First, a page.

Wednesday, 19 June 2019

Untreated ankle sprains can create long term issues

I recently came across a good newspaper article about ankle recovery and prevention and it has prompted me to write this blog because I believe many people don't take ankle sprains seriously enough and they have the potential to cause serious long term issues such as Chronic Ankle Instability and Osteoarthritis.

So what is an ankle sprain?
A sprain is an overstretching or tearing to a ligament; the thin strap that holds bones together.  A ligament is less elastic and has a poorer blood flow than a muscle or tendon and therefore tends to heal slower.
The most common ankle sprain occurs when the ankle rolls outward and the foot turns inward. An Inversion Sprain.  It results in stretching and tearing of the ligaments on the outside of the ankle.
Less commonly, the ankle rolls inward and the foot outward in an eversion injury, damaging the ligaments at the inside of the ankle. 
The high ankle sprain is the least common. It can happen when the foot is forced to rotate toward the outside (away from the other foot), or when the foot is planted so it can't move and the leg is rotated toward the inside.

How severe is your ankle sprain?
There is a generalised grading system for ankle sprains:
  • Grade I is stretching or slight tearing of the ligament with mild tenderness, swelling, and stiffness. The ankle feels stable, and it is usually possible to walk with minimal pain.
  • Grade II is a larger but incomplete tear with moderate pain, swelling, and bruising. Although the ankle sometimes feels stable, the damaged areas are tender to the touch, and walking is painful.
  • Grade III is a complete tear of the affected ligament or ligaments with severe swelling and bruising. The ankle is unstable and may feel "wobbly." Walking is usually not possible because the ankle gives out and there is intense pain, although initial pain may quickly subside.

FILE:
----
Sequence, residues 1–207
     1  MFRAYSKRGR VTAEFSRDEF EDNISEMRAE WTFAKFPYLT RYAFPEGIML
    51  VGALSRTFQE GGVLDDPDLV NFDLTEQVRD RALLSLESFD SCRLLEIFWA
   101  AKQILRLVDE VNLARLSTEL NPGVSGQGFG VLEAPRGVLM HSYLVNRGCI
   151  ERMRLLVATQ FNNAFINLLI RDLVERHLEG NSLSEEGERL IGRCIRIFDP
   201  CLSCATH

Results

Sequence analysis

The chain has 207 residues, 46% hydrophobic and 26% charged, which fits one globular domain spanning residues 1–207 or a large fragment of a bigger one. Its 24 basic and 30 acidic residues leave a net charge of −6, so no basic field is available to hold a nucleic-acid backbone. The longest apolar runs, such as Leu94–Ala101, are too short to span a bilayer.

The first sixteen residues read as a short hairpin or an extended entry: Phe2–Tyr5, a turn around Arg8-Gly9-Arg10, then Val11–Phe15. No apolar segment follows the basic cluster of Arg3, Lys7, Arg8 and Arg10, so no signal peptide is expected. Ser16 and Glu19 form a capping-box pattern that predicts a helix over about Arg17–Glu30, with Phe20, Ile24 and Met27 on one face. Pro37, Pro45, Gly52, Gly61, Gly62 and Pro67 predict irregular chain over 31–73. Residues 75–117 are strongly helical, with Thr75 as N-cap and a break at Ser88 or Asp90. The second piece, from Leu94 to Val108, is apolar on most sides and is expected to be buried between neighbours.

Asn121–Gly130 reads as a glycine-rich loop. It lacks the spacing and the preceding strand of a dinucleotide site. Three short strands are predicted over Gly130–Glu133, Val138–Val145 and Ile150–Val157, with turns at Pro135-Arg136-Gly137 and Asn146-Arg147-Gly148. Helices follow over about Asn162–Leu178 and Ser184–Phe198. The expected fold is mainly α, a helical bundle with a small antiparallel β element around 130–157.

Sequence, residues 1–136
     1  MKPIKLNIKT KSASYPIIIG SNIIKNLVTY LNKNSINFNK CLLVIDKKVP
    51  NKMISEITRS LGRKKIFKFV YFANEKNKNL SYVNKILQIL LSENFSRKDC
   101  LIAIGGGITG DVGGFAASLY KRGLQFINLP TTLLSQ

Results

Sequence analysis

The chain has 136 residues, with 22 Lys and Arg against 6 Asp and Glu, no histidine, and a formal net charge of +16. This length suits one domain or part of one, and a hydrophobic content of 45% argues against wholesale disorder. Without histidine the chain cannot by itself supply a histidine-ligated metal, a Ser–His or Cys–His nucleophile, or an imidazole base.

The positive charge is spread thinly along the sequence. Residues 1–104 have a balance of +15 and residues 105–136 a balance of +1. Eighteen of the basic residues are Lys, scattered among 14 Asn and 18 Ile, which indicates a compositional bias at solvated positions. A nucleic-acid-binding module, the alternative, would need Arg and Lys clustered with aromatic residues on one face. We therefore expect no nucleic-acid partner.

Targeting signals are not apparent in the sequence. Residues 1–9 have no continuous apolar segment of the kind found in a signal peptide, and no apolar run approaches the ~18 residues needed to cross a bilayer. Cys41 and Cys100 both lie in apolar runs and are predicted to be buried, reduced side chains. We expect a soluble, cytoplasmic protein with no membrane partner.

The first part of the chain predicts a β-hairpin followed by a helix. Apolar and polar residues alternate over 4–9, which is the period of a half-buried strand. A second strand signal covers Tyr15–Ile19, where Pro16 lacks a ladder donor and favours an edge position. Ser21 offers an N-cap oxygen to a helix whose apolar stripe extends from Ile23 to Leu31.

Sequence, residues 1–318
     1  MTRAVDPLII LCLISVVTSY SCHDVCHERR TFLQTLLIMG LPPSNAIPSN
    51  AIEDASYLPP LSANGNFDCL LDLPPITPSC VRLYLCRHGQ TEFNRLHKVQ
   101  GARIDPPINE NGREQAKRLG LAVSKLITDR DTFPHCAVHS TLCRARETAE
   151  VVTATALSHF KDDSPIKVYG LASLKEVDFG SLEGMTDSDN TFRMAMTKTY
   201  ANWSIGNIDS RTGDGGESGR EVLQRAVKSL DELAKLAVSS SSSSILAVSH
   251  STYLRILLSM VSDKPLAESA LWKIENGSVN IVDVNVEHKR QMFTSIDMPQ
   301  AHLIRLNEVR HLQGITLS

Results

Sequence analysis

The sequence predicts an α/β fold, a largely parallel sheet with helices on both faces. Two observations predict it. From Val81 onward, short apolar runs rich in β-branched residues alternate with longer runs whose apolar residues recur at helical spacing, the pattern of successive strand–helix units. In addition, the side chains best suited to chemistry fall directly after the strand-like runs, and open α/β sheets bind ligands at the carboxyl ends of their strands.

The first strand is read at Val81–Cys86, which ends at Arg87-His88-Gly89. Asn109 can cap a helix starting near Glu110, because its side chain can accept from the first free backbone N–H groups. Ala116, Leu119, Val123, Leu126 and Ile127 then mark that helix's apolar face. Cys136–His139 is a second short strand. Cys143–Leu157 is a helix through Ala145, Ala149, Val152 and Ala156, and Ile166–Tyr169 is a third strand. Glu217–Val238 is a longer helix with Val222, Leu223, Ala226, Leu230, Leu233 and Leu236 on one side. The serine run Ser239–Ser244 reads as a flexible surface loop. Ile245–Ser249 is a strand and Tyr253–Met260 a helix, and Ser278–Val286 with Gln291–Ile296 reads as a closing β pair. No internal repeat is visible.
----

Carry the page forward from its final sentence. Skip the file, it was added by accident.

How long does it take to heal?
Research shows that it take ankle ligaments about 4-6 weeks and up to 12 weeks to heal completely but I always say "how long is a piece of string?!"  Everyone is different and how you choose to approach rest, exercise and treatment all has an impact upon recovery

What exercise can you do?
  • For grade 1 and 2 sprains the best course of action would be immobilisation with boot or brace and RICE treatment initially then early range of motion exercises without weight bearing. The boot/brace/tape serves as a scaffold for the ankle so that the injured ligament can heal in the appropriate position and scar tissue that forms around the injured ligament can form in an anatomically correct position. Early weight bearing out of the boot/brace/tape puts patients at a very high risk of re-injury. 
  • After you are able to place your full weight on the injured ankle without pain, you may begin proprioceptive training to regain balance and control of the ankle joint.  Proprioceptive and balance exercises teach your body to control the position of a deficient or an injured joint (ankle). Swimming is also good.
  • Activities such as jogging, running and cycling should only take place once your ankle is stable enough to balance on for 3 minutes without pain.

How can a sports massage therapist help?
Sports massage can help reduce swelling and increase blood flow to the injury site.  This can speed up the healing process as it increases the flow of natural nutrients to the area, reduces the build up of scar tissue and aids mobility.
The therapist should also be able to guide you through a structured exercise rehabilitation program tailored to your specific injury and need to return to work or sport.

In short....
Don't just wait for your ankle sprain to heal on its own; seek appropriate treatment and advice from a trained professional!

No comments:

Post a Comment